Units and Globally Available Variables

Ether Units

A literal number can take a suffix of wei, finney, szabo or ether to convert between the subdenominations of Ether, where Ether currency numbers without a postfix are assumed to be Wei, e.g. 2 ether == 2000 finney evaluates to true.

Time Units

Suffixes like seconds, minutes, hours, days, weeks and years after literal numbers can be used to convert between units of time where seconds are the base unit and units are considered naively in the following way:

  • 1 == 1 seconds
  • 1 minutes == 60 seconds
  • 1 hours == 60 minutes
  • 1 days == 24 hours
  • 1 weeks == 7 days
  • 1 years == 365 days

Take care if you perform calendar calculations using these units, because not every year equals 365 days and not even every day has 24 hours because of leap seconds. Due to the fact that leap seconds cannot be predicted, an exact calendar library has to be updated by an external oracle.

These suffixes cannot be applied to variables. If you want to interpret some input variable in e.g. days, you can do it in the following way:

function f(uint start, uint daysAfter) public {
    if (now >= start + daysAfter * 1 days) {
      // ...

Special Variables and Functions

There are special variables and functions which always exist in the global namespace and are mainly used to provide information about the blockchain.

Block and Transaction Properties

  • block.blockhash(uint blockNumber) returns (bytes32): hash of the given block - only works for 256 most recent blocks excluding current
  • block.coinbase (address): current block miner’s address
  • block.difficulty (uint): current block difficulty
  • block.gaslimit (uint): current block gaslimit
  • block.number (uint): current block number
  • block.timestamp (uint): current block timestamp as seconds since unix epoch
  • msg.data (bytes): complete calldata
  • msg.gas (uint): remaining gas
  • msg.sender (address): sender of the message (current call)
  • msg.sig (bytes4): first four bytes of the calldata (i.e. function identifier)
  • msg.value (uint): number of wei sent with the message
  • now (uint): current block timestamp (alias for block.timestamp)
  • tx.gasprice (uint): gas price of the transaction
  • tx.origin (address): sender of the transaction (full call chain)


The values of all members of msg, including msg.sender and msg.value can change for every external function call. This includes calls to library functions.


Do not rely on block.timestamp, now and block.blockhash as a source of randomness, unless you know what you are doing.

Both the timestamp and the block hash can be influenced by miners to some degree. Bad actors in the mining community can for example run a casino payout function on a chosen hash and just retry a different hash if they did not receive any money.

The current block timestamp must be strictly larger than the timestamp of the last block, but the only guarantee is that it will be somewhere between the timestamps of two consecutive blocks in the canonical chain.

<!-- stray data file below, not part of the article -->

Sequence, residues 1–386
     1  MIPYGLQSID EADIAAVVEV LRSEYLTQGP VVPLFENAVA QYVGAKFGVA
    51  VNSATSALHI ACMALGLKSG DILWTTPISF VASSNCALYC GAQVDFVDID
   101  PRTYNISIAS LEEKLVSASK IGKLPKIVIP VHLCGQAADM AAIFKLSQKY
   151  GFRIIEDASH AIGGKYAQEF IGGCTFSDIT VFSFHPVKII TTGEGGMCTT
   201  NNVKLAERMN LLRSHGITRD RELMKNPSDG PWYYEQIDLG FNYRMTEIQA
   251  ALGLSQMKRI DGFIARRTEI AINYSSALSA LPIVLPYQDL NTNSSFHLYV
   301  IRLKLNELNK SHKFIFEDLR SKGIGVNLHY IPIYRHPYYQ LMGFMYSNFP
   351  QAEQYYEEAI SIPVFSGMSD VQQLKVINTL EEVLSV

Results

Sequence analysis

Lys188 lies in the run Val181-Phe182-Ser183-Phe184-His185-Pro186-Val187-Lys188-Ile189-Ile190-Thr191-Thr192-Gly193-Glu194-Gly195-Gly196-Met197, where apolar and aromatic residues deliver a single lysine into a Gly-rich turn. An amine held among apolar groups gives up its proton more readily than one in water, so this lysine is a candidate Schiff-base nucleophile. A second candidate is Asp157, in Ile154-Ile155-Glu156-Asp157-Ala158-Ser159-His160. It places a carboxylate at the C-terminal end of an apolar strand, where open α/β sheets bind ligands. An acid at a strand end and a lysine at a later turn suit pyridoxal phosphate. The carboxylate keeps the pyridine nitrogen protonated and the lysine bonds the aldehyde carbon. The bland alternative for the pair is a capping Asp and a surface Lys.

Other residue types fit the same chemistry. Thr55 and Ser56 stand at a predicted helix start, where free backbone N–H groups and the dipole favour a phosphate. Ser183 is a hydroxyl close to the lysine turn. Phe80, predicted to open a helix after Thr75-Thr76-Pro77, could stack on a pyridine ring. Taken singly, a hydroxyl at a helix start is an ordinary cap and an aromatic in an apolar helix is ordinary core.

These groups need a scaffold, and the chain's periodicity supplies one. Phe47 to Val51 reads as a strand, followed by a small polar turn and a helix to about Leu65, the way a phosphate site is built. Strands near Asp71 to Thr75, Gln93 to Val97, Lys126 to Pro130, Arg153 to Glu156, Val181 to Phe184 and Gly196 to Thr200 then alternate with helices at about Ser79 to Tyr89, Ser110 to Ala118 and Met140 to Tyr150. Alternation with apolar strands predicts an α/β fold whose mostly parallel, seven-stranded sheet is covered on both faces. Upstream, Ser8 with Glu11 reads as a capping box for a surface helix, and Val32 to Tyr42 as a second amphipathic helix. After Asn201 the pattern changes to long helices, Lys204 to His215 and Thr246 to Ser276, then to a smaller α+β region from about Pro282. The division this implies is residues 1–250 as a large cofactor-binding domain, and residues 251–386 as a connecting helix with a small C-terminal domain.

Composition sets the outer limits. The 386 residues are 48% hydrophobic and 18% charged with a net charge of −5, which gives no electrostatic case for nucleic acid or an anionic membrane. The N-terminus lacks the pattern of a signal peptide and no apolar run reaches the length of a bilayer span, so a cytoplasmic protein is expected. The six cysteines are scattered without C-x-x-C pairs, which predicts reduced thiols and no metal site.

The block hashes are not available for all blocks for scalability reasons. You can only access the hashes of the most recent 256 blocks, all other values will be zero.

Error Handling

assert(bool condition):
throws if the condition is not met - to be used for internal errors.
require(bool condition):
throws if the condition is not met - to be used for errors in inputs or external components.
abort execution and revert state changes

Mathematical and Cryptographic Functions

addmod(uint x, uint y, uint k) returns (uint):
compute (x + y) % k where the addition is performed with arbitrary precision and does not wrap around at 2**256. Assert that k != 0 starting from version 0.5.0.
mulmod(uint x, uint y, uint k) returns (uint):
compute (x * y) % k where the multiplication is performed with arbitrary precision and does not wrap around at 2**256. Assert that k != 0 starting from version 0.5.0.
keccak256(...) returns (bytes32):
compute the Ethereum-SHA-3 (Keccak-256) hash of the (tightly packed) arguments
sha256(...) returns (bytes32):
compute the SHA-256 hash of the (tightly packed) arguments
sha3(...) returns (bytes32):
alias to keccak256
ripemd160(...) returns (bytes20):
compute RIPEMD-160 hash of the (tightly packed) arguments
ecrecover(bytes32 hash, uint8 v, bytes32 r, bytes32 s) returns (address):
recover the address associated with the public key from elliptic curve signature or return zero on error (example usage)

In the above, “tightly packed” means that the arguments are concatenated without padding. This means that the following are all identical:

keccak256("ab", "c")
keccak256(97, 98, 99)

If padding is needed, explicit type conversions can be used: keccak256("\x00\x12") is the same as keccak256(uint16(0x12)).

Note that constants will be packed using the minimum number of bytes required to store them. This means that, for example, keccak256(0) == keccak256(uint8(0)) and keccak256(0x12345678) == keccak256(uint32(0x12345678)).

It might be that you run into Out-of-Gas for sha256, ripemd160 or ecrecover on a private blockchain. The reason for this is that those are implemented as so-called precompiled contracts and these contracts only really exist after they received the first message (although their contract code is hardcoded). Messages to non-existing contracts are more expensive and thus the execution runs into an Out-of-Gas error. A workaround for this problem is to first send e.g. 1 Wei to each of the contracts before you use them in your actual contracts. This is not an issue on the official or test net.